Back inside the gym, Jackie has assembled another circuit, but this one doesn't seem quite so demanding. I smugly note that Christine tries to skip her last set of lunges, only to return when she realizes she'd be jogging until I caught up.
Small similarities to yoga soothe me throughout the week, but Jackie's way of adapting the familiar to her program always levels the playing field. If I can hold a side plank balancing on one foot, I think, surely I could do a one-armed triceps press stabilized by both feet.
"You can do it on your elbow," says Linda Davis, as she balances on the gym floor a foot behind me. Given her full-on view of my shaking arm, Linda is no doubt trying to be helpful. Pegged for a weakling, I don't even bother trying to balance from my wrist for hip dips.
Give me another month or so and, like Linda, I may be impressed by my progress.
"I just feel really strong," Linda says.
An avid downhill skier, Linda, 52, says she wanted to take her performance on the mountain to the next level. Hearing about boot camp from a friend, she substituted the program for her normal gym routine. Two months after joining boot camp, Linda says her legs are stronger, allowing her to ski more difficult terrain. During morning workouts with Jackie, she's inspired by "women of all shapes and sizes" pushing themselves to get in shape.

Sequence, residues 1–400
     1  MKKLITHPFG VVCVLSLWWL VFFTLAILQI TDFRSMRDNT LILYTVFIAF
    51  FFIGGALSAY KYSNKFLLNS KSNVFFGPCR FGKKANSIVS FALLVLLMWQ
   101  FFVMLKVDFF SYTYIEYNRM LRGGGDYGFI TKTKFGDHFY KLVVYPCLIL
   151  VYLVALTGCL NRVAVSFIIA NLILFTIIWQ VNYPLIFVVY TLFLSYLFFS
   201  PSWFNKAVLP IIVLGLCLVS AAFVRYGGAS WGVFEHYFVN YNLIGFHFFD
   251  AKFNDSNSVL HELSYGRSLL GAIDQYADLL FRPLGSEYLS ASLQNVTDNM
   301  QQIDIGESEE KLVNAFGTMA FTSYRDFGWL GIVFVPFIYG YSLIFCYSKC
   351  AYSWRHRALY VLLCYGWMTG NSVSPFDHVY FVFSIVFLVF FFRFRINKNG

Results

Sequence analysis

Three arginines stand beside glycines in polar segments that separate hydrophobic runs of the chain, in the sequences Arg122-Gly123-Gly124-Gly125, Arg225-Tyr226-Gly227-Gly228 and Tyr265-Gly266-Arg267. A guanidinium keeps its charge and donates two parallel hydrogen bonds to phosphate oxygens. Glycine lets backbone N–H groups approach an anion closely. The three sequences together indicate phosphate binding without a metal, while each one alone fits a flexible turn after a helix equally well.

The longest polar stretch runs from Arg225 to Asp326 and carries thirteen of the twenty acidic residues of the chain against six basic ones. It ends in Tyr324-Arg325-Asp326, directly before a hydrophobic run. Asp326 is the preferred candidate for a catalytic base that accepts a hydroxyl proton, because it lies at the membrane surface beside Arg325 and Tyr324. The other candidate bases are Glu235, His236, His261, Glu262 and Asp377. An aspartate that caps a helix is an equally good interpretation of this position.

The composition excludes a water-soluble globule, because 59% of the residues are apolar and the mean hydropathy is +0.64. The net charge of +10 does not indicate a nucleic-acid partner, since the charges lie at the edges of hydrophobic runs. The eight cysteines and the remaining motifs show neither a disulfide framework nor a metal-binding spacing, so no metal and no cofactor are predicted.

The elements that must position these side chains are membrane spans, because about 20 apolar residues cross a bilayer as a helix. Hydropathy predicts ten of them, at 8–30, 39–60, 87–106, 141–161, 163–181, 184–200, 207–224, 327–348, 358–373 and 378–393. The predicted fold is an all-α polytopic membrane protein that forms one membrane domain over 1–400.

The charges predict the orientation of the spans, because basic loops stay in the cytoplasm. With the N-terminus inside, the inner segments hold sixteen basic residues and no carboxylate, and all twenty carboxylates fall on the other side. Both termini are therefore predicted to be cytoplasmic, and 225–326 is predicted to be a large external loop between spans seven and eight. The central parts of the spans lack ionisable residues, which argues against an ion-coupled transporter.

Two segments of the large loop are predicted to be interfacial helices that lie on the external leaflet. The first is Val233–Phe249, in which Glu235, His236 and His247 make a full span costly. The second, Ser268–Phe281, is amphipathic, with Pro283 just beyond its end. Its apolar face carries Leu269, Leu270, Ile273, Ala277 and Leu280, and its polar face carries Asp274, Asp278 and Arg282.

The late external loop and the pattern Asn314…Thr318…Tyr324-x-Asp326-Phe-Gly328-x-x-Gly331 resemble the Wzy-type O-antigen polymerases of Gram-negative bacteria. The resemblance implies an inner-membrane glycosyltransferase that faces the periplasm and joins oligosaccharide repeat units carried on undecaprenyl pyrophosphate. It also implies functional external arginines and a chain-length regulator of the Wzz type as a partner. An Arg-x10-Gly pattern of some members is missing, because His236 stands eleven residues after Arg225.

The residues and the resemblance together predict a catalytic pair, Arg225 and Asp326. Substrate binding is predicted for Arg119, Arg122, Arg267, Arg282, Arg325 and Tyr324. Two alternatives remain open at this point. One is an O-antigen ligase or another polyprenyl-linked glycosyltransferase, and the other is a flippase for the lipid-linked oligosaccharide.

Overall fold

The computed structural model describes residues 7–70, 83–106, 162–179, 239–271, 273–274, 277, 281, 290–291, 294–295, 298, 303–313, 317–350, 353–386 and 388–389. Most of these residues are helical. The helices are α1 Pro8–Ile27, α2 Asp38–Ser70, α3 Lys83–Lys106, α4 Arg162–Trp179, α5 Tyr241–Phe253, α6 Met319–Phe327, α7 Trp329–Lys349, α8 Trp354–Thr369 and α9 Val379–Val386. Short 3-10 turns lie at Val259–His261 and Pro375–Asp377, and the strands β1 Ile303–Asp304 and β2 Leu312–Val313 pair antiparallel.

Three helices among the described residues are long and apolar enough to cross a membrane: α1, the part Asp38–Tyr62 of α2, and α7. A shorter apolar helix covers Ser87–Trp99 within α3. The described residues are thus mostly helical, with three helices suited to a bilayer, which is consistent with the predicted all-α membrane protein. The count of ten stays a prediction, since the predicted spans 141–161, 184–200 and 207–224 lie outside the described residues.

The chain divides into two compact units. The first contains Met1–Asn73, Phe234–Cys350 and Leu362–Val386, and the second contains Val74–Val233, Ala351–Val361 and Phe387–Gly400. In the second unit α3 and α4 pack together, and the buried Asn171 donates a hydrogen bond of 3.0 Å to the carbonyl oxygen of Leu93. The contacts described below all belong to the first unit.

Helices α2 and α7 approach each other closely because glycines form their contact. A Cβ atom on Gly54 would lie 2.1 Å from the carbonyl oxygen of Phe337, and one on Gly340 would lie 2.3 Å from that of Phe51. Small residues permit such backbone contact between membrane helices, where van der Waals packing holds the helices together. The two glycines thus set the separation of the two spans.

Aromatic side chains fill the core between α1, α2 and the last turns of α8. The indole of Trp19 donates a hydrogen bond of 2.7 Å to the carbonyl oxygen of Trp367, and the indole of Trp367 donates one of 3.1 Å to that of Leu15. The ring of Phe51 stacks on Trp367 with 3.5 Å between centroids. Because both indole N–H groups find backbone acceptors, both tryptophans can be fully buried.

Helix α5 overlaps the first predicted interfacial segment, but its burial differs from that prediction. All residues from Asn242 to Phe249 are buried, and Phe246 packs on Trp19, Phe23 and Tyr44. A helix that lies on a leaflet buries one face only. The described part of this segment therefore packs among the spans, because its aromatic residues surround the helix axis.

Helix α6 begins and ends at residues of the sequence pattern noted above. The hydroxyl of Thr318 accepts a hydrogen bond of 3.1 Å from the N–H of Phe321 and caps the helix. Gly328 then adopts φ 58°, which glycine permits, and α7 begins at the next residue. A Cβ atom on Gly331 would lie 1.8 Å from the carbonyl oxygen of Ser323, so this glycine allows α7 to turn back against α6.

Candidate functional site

"Anybody can do it, I think, no matter your limitations," she says.
It's a core focus in Jackie's philosophy.
"You're not going to take a woman who's had a couple of kids, who hasn't exercised in five years and put them in a Marine Corps-style boot camp," Jackie says.
"We're moving your body like you would in everyday life."
Nevertheless, a quasi-military obstacle course greets campers on Day 4. Bunny-hopping through the rungs of rope ladders laid end to end on the floor is the warm-up for navigating a network of ropes strung about 2 feet off the floor, forcing us into an "army crawl."
"We get a discount when you guys clean the floor," Jackie chuckles as her campers groan.
Although my hips and elbows haven't felt so bruised since I played high-school volleyball, the day's workout feels easier. Or maybe I'm actually getting in better shape after only four days.